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2011 was quite a year for the storage industry. From the billion dollar acquisitions to the disruptive flooding in Thailand, it was a year to remember. As we look forward, here are 5 storage predictions for the new year.

1. Users continue to generate piles of unstructured data
Back in 2009, Gartner estimated that data growth would happen at a rate of 650% over the next 5 years with 80% of this growth coming from unstructured data. We can get lost in the weeds with facts and figures but most IT managers I’ve spoken with have all said the same thing: their users are storing more and deleting less. The cloud will play an important role in offering an easy to deploy tier for this growing primary data. Deduplication will also help curb some of this data growth as will the perpetual move of core applications to the “datacenter in the sky”. Ultimately, strategies involving multiple technologies will help IT relieve the pressure felt by skyrocketing data growth.

2. Consumerization of IT generates massive headaches for IT
The use of smartphones, tablets, and consumer cloud storage services will cause even bigger headaches for IT. Employees are using more technology and cloud services at home than ever before – and now they expect them to work on the corporate network. Not only does this introduce headaches in trying to support these rogue devices, but major security challenges as well. IT will spend much of this year trying to determine how best to handle this onslaught of personal devices and consumer cloud services.

3. Flash, flash and more flash
Flash production in the consumer market has been ramping up since the first iPhone rolled off the assembly line. However, over the past 18 months it has been gaining significant traction in the enterprise storage space, and for good reason. The SSD brings a unique component to the enterprise storage controller and with it IOPS that were previously unthinkable. Like the traditional hard disk drive and the cloud, SSD fills another piece of the puzzle toward creating the most effective enterprise storage controller. Costs will continue to fall, endurance/reliability will improve, and the proliferation of the SSD in the enterprise will spiral upward.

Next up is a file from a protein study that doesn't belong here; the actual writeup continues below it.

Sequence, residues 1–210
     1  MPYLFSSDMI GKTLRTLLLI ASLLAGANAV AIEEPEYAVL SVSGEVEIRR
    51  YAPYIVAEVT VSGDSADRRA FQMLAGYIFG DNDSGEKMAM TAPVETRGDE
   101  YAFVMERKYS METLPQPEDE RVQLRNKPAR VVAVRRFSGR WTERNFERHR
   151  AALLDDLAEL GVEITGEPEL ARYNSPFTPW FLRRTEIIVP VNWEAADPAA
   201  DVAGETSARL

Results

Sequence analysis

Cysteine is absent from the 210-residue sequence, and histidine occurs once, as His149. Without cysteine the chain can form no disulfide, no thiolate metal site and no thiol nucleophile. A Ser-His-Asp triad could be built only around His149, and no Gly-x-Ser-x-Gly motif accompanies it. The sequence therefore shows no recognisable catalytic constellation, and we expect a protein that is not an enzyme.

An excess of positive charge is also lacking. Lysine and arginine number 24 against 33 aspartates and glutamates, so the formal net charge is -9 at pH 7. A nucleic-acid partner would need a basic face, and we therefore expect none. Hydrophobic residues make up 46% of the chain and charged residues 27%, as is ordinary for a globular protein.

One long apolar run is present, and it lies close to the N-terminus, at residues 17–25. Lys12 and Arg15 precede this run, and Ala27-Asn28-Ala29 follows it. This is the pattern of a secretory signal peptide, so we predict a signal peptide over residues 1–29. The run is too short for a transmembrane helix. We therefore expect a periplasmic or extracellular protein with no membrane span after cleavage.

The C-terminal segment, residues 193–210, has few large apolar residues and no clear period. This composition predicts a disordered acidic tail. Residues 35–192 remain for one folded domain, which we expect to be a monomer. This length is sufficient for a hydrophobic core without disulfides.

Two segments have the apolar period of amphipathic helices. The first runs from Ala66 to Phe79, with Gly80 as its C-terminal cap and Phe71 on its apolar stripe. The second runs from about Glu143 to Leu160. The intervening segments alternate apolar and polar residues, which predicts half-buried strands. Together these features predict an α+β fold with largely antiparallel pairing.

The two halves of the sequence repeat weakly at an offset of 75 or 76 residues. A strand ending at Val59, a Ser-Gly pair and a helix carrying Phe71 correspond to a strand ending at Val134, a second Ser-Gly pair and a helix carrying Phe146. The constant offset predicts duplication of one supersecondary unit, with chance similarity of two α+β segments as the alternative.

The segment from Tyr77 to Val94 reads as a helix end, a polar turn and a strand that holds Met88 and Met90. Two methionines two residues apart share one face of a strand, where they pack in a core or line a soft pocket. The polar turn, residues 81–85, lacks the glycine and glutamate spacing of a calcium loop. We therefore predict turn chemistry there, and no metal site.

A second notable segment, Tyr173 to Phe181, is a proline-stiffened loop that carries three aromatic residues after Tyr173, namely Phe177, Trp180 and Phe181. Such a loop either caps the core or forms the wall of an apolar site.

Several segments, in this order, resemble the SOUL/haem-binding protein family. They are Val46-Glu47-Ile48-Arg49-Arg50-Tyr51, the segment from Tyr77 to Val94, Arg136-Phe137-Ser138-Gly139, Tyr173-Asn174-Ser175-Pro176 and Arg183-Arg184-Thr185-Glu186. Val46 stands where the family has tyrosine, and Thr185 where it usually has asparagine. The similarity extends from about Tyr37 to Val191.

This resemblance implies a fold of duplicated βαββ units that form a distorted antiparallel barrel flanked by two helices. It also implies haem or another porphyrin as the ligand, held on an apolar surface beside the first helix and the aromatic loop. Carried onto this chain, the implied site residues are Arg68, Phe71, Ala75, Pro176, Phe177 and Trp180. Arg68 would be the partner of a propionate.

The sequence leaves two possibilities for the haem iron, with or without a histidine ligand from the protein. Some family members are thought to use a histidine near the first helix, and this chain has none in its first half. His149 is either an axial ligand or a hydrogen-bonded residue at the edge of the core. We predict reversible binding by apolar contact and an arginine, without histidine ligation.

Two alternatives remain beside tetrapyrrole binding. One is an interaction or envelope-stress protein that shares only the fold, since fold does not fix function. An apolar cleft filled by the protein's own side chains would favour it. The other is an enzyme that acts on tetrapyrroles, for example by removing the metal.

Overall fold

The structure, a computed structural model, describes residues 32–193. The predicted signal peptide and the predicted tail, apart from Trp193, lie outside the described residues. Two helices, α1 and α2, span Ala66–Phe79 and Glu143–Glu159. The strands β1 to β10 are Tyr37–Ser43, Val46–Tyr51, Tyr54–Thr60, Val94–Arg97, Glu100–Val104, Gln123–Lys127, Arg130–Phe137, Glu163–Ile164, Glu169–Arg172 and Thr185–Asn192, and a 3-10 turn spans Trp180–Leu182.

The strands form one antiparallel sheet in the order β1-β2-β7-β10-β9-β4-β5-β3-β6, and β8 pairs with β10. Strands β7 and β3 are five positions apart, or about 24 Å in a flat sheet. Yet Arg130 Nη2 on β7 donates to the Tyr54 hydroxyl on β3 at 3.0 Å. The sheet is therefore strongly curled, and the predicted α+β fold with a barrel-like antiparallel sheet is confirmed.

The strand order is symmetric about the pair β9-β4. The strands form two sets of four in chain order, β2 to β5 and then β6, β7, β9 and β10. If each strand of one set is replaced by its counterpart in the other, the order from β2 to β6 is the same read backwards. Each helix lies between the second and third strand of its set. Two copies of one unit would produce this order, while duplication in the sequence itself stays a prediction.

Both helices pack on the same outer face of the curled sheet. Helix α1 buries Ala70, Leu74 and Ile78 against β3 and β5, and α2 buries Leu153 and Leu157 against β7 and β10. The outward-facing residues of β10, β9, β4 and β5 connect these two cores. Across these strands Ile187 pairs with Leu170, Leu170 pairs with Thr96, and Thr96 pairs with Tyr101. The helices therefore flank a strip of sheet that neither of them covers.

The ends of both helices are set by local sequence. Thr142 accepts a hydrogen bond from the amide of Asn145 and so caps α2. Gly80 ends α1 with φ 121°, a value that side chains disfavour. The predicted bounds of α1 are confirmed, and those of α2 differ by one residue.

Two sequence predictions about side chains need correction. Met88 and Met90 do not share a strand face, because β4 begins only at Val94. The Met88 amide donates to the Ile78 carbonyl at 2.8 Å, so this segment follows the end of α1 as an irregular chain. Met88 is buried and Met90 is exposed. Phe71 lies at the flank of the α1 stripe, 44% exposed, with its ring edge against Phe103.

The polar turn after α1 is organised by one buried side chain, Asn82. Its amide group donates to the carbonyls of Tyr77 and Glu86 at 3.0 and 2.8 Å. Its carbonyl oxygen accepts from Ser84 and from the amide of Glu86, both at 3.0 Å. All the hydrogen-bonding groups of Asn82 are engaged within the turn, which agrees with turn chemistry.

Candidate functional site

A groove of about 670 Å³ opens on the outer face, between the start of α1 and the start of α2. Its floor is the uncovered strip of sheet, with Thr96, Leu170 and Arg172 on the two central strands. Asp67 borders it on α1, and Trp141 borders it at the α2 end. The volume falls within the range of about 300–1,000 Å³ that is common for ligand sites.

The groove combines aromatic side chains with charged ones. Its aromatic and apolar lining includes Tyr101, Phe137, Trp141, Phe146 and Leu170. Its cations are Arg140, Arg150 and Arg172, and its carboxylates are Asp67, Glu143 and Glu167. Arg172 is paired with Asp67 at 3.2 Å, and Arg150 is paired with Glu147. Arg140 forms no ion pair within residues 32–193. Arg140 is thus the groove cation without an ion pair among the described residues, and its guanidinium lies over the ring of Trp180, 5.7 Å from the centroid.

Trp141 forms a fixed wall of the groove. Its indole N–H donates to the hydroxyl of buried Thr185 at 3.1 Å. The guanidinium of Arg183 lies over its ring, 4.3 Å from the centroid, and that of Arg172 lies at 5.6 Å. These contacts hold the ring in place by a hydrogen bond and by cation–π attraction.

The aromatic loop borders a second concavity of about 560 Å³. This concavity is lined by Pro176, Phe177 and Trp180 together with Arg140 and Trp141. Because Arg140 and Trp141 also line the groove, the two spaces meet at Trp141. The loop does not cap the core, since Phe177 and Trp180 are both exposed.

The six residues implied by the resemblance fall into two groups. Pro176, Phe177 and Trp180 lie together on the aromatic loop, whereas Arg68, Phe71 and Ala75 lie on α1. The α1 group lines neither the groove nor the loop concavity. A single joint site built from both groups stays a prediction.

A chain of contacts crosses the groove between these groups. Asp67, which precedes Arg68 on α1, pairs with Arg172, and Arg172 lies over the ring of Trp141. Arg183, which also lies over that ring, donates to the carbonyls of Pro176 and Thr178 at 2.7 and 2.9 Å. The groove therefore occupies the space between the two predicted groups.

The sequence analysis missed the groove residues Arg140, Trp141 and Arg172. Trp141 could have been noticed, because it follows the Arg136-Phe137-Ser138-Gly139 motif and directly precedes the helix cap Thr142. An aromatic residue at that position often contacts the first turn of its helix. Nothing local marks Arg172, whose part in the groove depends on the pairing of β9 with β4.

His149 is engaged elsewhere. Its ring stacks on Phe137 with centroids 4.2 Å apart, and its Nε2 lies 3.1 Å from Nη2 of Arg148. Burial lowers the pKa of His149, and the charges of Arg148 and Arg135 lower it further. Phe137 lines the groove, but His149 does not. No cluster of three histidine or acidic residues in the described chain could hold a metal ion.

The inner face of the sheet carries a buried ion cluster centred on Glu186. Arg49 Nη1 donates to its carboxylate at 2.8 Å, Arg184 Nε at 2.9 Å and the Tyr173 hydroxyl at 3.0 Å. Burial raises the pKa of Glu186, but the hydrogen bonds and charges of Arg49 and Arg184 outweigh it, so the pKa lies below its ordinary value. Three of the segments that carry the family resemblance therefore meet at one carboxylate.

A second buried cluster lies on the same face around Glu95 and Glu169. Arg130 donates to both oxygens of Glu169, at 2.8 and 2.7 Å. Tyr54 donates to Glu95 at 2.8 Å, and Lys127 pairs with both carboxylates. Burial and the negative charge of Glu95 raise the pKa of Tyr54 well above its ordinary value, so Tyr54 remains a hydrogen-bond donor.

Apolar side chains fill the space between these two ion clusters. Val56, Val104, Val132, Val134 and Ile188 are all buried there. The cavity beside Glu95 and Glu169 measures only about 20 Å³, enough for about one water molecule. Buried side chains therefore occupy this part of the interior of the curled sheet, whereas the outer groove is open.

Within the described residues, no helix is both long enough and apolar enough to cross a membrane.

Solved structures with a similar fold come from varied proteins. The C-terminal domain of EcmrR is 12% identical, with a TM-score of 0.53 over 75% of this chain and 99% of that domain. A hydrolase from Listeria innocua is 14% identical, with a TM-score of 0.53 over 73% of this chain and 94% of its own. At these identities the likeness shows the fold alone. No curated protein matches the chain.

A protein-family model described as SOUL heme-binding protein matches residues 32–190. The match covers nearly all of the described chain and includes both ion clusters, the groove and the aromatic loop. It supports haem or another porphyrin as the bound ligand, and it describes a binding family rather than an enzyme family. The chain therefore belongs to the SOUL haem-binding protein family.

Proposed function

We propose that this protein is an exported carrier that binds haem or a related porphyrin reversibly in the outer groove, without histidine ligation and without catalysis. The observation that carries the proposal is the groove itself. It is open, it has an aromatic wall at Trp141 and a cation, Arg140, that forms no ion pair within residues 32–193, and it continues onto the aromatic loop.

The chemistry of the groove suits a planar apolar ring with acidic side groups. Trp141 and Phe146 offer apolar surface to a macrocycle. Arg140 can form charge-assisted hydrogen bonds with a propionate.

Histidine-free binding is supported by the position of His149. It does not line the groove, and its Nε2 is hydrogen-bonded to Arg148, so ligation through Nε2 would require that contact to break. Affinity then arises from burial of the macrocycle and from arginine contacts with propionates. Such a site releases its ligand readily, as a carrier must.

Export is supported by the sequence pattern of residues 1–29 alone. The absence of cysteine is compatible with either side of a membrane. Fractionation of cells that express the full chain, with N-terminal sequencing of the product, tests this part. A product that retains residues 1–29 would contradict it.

4. The cloud is used as a component inside the storage controller
Sending off data directly to a public or private cloud has never been a practical solution for primary storage. Issues with latency, eventual consistency and overall access speeds have held the cloud back from all but the smallest of backups. However, put the cloud inside the storage controller and you have something special. Functioning alongside traditional enterprise hard disk drives, the cloud brings unique functionality to the storage controller and makes storage as a service possible. The hassle of backups is rendered a non-issue, consistent, pain-free access to data across multiple locations is made possible and the ability to recover from a complete disaster in less than 15-minutes becomes a reality.

5. Cloud SLAs get serious
Cloud providers have been backing their services with service level agreements since the very beginning. But did they even matter? The actual numbers associated with downtime are astronomical. Let’s say 100 of your users lose access to their data for a mere 5 minutes – you’ve just lost an entire days worth of productivity. A few pennies from a service provider aren’t going to begin to make up for that loss. In order for the enterprise to take cloud services seriously (and sell the decision makers) the service level agreements will shed their meaningless penalties and grow some teeth.